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A United States Navy Engineman displaces air from the fuel separator system in the main machinery room aboard the USS Detroit.

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Navy Enginemen (EN) control the operation of diesel engines used for ship propulsion, electrical power generation and other services. Additional job responsibilities as an EN may include:

  • Aligning oil, water and air piping systems
  • Operating diesel generators used to produce electrical power
  • Cleaning, maintaining and testing the ship’s main engines, auxiliary boilers and other auxiliary machinery including steering engines, elevators, pumps and more
  • Operating and maintaining water desalination plants
  • Maintaining refrigeration plants, air conditioning systems and galley equipment
  • Repairing and replacing valves, pumps, steam turbines, hydraulic and pneumatic devices, and other equipment
  • Operating and maintaining small boats
  • Keeping and analyzing machinery records and reports

Work Environment

Enginemen work primarily aboard ships in main engine rooms, auxiliary machinery rooms and shops, as well as on land. As an EN, you can expect work of a physical nature, which you will perform as a member of a team.

Training & Advancement

Upon completion of initial training at Recruit Training Command Great Lakes (known as Boot Camp), you’ll report for specialized training, including:

Basic Engineering Common Core and “A” School (14 weeks) in Great Lakes, IL, for training in mechanical theory, technical documentation, safety precautions and programs, piping systems, tools and instruments, mechanical systems, the Maintenance Material Management system (3M), basic watch standing procedures, and basic knowledge of marine steam propulsion systems.

After you’ve finished your training, you’ll be assigned to a Navy shop aboard a ship, at a repair base, or at a shore-based facility in the U.S. or overseas.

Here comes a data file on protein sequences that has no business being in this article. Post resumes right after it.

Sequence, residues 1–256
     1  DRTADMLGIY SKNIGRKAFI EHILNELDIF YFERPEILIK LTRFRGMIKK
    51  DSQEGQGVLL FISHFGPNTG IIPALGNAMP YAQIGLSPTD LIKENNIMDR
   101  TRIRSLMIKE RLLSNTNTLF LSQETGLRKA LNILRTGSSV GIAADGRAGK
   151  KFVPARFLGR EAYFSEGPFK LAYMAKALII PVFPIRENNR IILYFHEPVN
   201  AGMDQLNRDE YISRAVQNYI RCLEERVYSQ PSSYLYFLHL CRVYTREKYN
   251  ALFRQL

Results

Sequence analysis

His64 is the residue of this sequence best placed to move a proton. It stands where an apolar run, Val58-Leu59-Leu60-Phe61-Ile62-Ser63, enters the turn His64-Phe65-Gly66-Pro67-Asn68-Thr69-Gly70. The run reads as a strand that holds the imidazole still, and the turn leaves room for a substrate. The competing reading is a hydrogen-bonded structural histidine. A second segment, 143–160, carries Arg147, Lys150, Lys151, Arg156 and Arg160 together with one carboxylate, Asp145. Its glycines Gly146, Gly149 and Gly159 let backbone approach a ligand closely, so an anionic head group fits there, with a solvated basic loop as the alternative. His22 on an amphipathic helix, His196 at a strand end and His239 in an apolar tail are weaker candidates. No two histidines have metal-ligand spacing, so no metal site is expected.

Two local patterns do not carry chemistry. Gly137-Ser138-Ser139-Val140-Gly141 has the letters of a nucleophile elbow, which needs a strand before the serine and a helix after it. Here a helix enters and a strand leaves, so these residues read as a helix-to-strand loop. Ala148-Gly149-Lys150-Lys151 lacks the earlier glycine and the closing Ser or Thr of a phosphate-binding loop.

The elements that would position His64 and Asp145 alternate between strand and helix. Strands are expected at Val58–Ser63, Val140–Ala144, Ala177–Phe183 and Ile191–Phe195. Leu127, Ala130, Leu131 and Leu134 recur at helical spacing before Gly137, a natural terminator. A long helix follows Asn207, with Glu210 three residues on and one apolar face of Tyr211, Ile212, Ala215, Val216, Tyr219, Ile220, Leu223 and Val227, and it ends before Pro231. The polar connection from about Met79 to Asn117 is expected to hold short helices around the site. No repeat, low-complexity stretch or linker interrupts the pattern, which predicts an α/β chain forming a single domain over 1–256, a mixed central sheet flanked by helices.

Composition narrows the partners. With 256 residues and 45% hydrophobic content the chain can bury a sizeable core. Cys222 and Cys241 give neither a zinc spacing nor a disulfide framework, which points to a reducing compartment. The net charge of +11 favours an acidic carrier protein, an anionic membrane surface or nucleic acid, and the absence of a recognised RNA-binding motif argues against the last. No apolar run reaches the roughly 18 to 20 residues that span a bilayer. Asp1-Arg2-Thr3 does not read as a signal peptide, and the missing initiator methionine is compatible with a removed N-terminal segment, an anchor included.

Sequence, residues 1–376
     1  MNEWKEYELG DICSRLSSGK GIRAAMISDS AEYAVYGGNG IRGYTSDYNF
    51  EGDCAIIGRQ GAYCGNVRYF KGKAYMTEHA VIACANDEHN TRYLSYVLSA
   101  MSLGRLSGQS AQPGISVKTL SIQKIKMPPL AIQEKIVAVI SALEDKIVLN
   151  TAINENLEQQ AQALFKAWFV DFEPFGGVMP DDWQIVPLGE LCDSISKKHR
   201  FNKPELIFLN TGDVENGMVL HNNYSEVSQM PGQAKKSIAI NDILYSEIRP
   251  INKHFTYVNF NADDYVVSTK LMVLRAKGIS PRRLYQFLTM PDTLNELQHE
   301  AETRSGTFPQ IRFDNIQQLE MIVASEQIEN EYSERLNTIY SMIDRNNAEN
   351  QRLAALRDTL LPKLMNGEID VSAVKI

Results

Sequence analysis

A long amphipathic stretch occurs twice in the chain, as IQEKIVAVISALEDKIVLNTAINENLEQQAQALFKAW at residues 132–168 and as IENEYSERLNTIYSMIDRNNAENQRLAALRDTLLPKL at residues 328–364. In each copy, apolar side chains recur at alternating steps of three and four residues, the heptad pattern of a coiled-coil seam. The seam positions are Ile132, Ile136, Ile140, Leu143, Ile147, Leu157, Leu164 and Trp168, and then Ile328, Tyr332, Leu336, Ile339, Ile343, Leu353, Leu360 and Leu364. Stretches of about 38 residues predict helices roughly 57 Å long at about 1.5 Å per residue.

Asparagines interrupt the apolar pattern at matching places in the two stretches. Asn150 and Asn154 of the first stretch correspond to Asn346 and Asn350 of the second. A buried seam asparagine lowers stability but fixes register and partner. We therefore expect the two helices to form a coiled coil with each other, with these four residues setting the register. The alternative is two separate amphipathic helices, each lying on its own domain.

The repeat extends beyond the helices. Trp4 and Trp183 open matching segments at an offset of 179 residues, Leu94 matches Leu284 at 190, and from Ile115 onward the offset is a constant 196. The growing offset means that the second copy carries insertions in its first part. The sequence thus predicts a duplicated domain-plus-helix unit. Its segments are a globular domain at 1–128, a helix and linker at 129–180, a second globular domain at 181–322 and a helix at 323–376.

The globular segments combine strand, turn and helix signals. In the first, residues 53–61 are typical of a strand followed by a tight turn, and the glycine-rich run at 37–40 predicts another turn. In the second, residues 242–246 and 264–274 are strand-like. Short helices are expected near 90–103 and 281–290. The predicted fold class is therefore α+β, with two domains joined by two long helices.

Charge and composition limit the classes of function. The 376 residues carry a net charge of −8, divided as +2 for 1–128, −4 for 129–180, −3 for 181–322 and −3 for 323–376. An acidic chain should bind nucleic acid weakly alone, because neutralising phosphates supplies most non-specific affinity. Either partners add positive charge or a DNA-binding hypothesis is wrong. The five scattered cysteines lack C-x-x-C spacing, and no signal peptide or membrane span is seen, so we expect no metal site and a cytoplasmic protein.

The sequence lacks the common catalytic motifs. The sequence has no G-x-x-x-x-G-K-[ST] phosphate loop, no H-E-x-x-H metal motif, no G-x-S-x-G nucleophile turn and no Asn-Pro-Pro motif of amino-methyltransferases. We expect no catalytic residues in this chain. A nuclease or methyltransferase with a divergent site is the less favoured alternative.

Promotion opportunities are regularly available but competitive and based on performance.

Advanced Training

Advanced training as an Engineman may also be available during later stages of your career. For those with further leadership aspirations and a college degree, Officer roles may be available, providing opportunities to lead and train others.

Post-Service Opportunities

Specialized training received and work experience gained in the course of service can lead to valuable credentialing and occupational opportunities in related fields in the civilian world, such as employment as a heavy equipment mechanic, machinist, and any type of machinery or mechanical technician.

Education Opportunities

Beyond offering access to professional credentials and certifications, Navy technical and operational training as an Engineman can translate to credit hours toward a bachelor’s or associate degree through the American Council on Education.

You may also continue your education through undergraduate degree opportunities like the Navy College Program and Tuition Assistance and the Post-9/11 GI Bill.

Qualifications & Requirements

A high-school diploma or equivalent is required to become an Enlisted Sailor and an Engineman. You must also be a U.S. citizen eligible for security clearance.

EN applicants should possess good speaking skills, the ability to keep accurate records, and a basic understanding of how to use common hand and power tools. You should be able to work well with others as part of a team.

Important attributes for EN applicants include resourcefulness, curiosity, an interest in learning new ideas and skills, and a personal interest in mechanical devices. Physically, you should possess a high level of stamina, normal use of your hands and normal hearing.

General qualifications may vary depending upon whether you’re currently serving, whether you’ve served before or whether you’ve never served before.

Part-Time Opportunities

Serving part-time as a Navy Reserve Sailor, your duties will be carried out during your scheduled drilling and training periods. During monthly drilling, Enginemen in the Navy Reserve typically work at a location close to their homes.

For annual training, you may serve anywhere in the world, including locations in the U.S., at bases overseas, or in areas where humanitarian needs are great.

Take a moment to learn more about the general roles and responsibilities of Navy Reserve Sailors.

Most of what you do in the Navy Reserve is considered training. The basic Navy Reserve commitment involves training a minimum of one weekend a month (referred to as drilling) and two weeks a year (referred to as Annual Training) – or the equivalent of that.

Enginemen in the Navy Reserve serve in an Enlisted role. Before receiving the ongoing professional training that comes with the job, initial training requirements must be met.

For current or former military Enlisted servicemembers, prior experience satisfies the initial Recruit Training requirement, so you will not need to go through Boot Camp again.

For those without prior military experience, you will need to meet the initial Recruit Training requirement by attending Boot Camp in Great Lakes, IL. This training course will prepare you for service in the Navy Reserve and count as your first Annual Training.